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The Raiders on ‘Hard Knocks’ might be more soap opera than football show

The soap opera that bubbles between Derek Carr and Jon Gruden is one big "Hard Knocks" story line. (Eric Risberg/Associated Press)

This summer, “Hard Knocks” might more closely resemble a daytime drama than a gritty reality series.

Welcome to Oakland Raiders training camp for the HBO series, which debuts at 10 p.m. Eastern on Tuesday and will feature the second season of Chucky; a bubbling disconnect between starting quarterback and coach; the arrivals of one of the NFL’s worst quarterbacks and an offensive lineman who has one of the worst reputations in the NFL; and a mysterious ailment plaguing one of the league’s best wide receivers.

Even by the Raiders’ “Just win, baby” standards, that’s a lot to unpack over four hour-long episodes of the show’s 14th season.

A few story lines to follow:

Jon Gruden returns after his four-win debut, and so does his quarterback

Gruden endured a 4-12 campaign in 2018, and the coach known as Chucky doesn’t seem too crazy about quarterback Derek Carr. So much so that he brought in Nathan Peterman, who failed spectacularly in Buffalo, ostensibly to challenge Carr. Asked whether Mike Glennon or Peterman would back up Carr, Gruden recently said, “I like these guys. This Nate Peterman is growing on me. He’s athletic. I know he’s had some nightmare performances in the NFL, but when you watch the film you can see why. It’s not all his fault, but he’s got some talent, he’s got some athleticism, he’s got some experience.

“Here’s an opening day starter for the Buffalo Bills last year. I take that very serious. And he’s smart. He’s done a good job, he’s been consistent and I think he’s starting to get his confidence back. And we all need that.”

Carr will almost certainly be the starter, but these mind games already going on are vintage Gruden. And Carr has a few tricks up his sleeve, too. Like buying a lot in Vegas that is right next door to Gruden’s.

“That’ll be fun. Hopefully a lot of knocks on the door,” Carr said. “Maybe we can carpool. That would be good for us . . . We might knock down the fence and just make it one. We’ll see.”

Gruden’s response to the news? “Really? Great reaction. I love Derek. We can have meetings at night now, we can have barbecues together. It’s great. Great family and proud to be with him.”

Then there’s Richie Incognito

The Raiders, never a team to pass up any chance to stir up the ol’ locker room, signed guard Richie Incognito to a one-year deal. Regarded as a talented but mercurial offensive lineman, Incognito will be suspended the first two games of the season for violating the NFL’s personal conduct policy thanks to an April incident at an Arizona funeral home following his father’s death. He was arrested and pleaded guilty to disorderly conduct.

Incognito, 36, last played for the Bills in 2017 and earned his third consecutive Pro Bowl bid. He retired after that season, but later came out of retirement and was cut by the Bills. He previously missed the 2014 season after being suspended for eight games for his role in the Miami Dolphins’ bullying scandal.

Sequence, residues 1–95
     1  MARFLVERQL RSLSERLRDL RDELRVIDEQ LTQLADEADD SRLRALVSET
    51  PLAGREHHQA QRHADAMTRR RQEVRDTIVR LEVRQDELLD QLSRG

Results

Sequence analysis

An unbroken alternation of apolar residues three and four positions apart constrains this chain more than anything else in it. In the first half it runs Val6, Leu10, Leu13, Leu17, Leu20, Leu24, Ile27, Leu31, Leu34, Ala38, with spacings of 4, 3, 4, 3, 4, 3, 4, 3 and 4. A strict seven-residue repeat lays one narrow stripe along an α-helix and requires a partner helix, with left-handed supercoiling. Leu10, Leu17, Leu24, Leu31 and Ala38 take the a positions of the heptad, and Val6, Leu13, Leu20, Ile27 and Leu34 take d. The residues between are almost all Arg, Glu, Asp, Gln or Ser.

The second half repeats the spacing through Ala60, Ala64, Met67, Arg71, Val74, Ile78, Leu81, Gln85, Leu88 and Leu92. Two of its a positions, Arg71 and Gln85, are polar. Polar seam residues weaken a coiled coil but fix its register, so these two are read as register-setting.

“We’ve done a lot of homework on him, okay? I’ve known some of the line coaches he’s played for, I’ve called several people around the league,” General Manager Mike Mayock said in May. “I feel comfortable that he’s going to compete on the field and I feel comfortable that, A) he wants to compete off the field, and we’re going to provide the infrastructure for him. So at the end of the day I think it’s a two-way street. We got to help him help himself.”

’The Antonio Brown Show'

The Raiders made a huge splash when they traded for the Pittsburgh Steelers’ stellar if disaffected wide receiver, but so far in training camp — and it remains early — Brown has done precious little work after staging an outrageous camp arrival this summer. He floated in via hot-air balloon, wearing a hoodie emblazoned with “SUPREME” on the front and the Raiders logo on the back.

He has been a non-factor at practices and briefly shared an image of his beaten-up, battered feet before consulting a foot specialist over the weekend. Whatever ails him reportedly isn’t terribly serious, and yet …

“I think we’re all disappointed,” Gruden said. “We think he’s disappointed. We’d like to get the party started. We’d like to get him out here. He’s a big part of the team. I want the guy out here as soon as possible. I’d like him to never leave and stay in the huddle every play. But life goes on, and you’ve got to continue to work. And the other guys got to take advantage of these opportunities, and so far they have.”

Will the Raiders learn anything from past “Hard Knocks?”

Don Banks, the widely respected, veteran NFL writer who died over the weekend, had been hired by the Las Vegas Review-Journal to cover the Raiders. In his final piece, he took at look at the Cleveland Browns, who were the featured team in 2018.

“‘Hard Knocks’ is only going to affect you if you let it affect you,’’ Freddie Kitchens, the Browns’ first-year coach, told Banks. “The people at NFL Films, those folks are great to work with. But people have a hard time making sure those cameras don’t affect them. Because they see the cameras everywhere. So sometimes you don’t always get the truth. You get coaches and players playing up to the camera instead of just the truth.

“If you’re truly asking the players to be all about the team, I would say ‘Hard Knocks’ makes it very difficult to do. Because those cameras are always looking for someone to make a star out of.’’

The Raiders have plenty of candidates. Tuesday night, the star-making will begin.

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There’s a reason Redskins wide receiver Josh Doctson won’t talk about his heel pain

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